Owners of older Teslas claim the vehicles have been breaking down

For the last six months, owners of older Tesla vehicles have reported issues with the center console display going dark and being unresponsive. In a Tesla, this means that you cannot program the climate control — and more importantly, the vehicle can’t be charged, though it will still drive without the center console. Tesla online message boards have lit up with the issue as owners search for answers from Tesla and authorized repair centers.

The problem has been traced to a flash storage chip called an eMMC that is embedded in the MCU1 onboard computer. Flash storage is a type of computer memory that can be constantly erased and reprogrammed to help the MCU1 perform tasks quickly and efficiently. The Tesla system is writing and erasing so much data on these chips that after about four years, the chips simply burn up.

In a post to Twitter by Jason Hughes, a repair technician who complained about the problem, company founder Elon Musk replied, “Should be much better at this point.” No specific actions were mentioned to explain what is being done to rectify the problem, nor has Tesla released a statement identifying the solution.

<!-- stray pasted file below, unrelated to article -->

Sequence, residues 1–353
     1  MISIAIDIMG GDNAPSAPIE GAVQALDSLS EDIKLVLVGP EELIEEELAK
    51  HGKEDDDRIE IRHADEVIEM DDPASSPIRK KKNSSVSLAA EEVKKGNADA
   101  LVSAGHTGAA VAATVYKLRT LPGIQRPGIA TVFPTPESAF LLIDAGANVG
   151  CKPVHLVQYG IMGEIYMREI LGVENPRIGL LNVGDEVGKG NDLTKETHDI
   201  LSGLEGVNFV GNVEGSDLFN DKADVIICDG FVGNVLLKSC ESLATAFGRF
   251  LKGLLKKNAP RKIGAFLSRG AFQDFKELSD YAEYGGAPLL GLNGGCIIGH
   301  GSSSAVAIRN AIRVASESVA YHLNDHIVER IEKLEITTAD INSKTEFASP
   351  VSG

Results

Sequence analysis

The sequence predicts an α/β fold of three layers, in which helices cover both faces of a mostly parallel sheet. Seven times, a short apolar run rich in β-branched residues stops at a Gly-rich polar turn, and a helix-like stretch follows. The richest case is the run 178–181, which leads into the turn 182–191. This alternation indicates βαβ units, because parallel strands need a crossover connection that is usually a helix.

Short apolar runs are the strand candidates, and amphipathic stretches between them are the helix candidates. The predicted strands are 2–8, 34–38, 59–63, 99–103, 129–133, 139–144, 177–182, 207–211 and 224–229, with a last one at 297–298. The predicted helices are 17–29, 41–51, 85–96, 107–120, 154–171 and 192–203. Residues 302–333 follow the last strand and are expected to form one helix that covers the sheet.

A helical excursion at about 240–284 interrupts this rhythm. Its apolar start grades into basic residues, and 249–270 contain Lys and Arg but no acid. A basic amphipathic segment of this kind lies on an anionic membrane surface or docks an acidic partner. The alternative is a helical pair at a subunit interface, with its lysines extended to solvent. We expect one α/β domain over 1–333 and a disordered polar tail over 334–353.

Tesla has consistently ranked at the top of Consumer Reports’ customer satisfaction rating for the last three years despite ranking 27th out of 29 automakers for reliability in a 2018 report. Currently, the Tesla Model 3 is the only car from the manufacturer recommended by Consumer Reports. Previously, the Tesla Model S sedan had the recommendation as well, until reliability issues got it bumped off the list.

Members of online Tesla message boards have reported costs to replace the unit at between $2,500 and $2,700. There are requests on these boards for Tesla to recall older vehicles and replace the faulty unit with a better version, but Tesla has not responded yet. There is an active online petition calling for action by Tesla as well. Members on these boards have reported this failure in models ranging from 2012 to 2017. The issue could not have come at a more inconvenient time for the electric automaker, as quarterly earnings are due to be reported on October 23.

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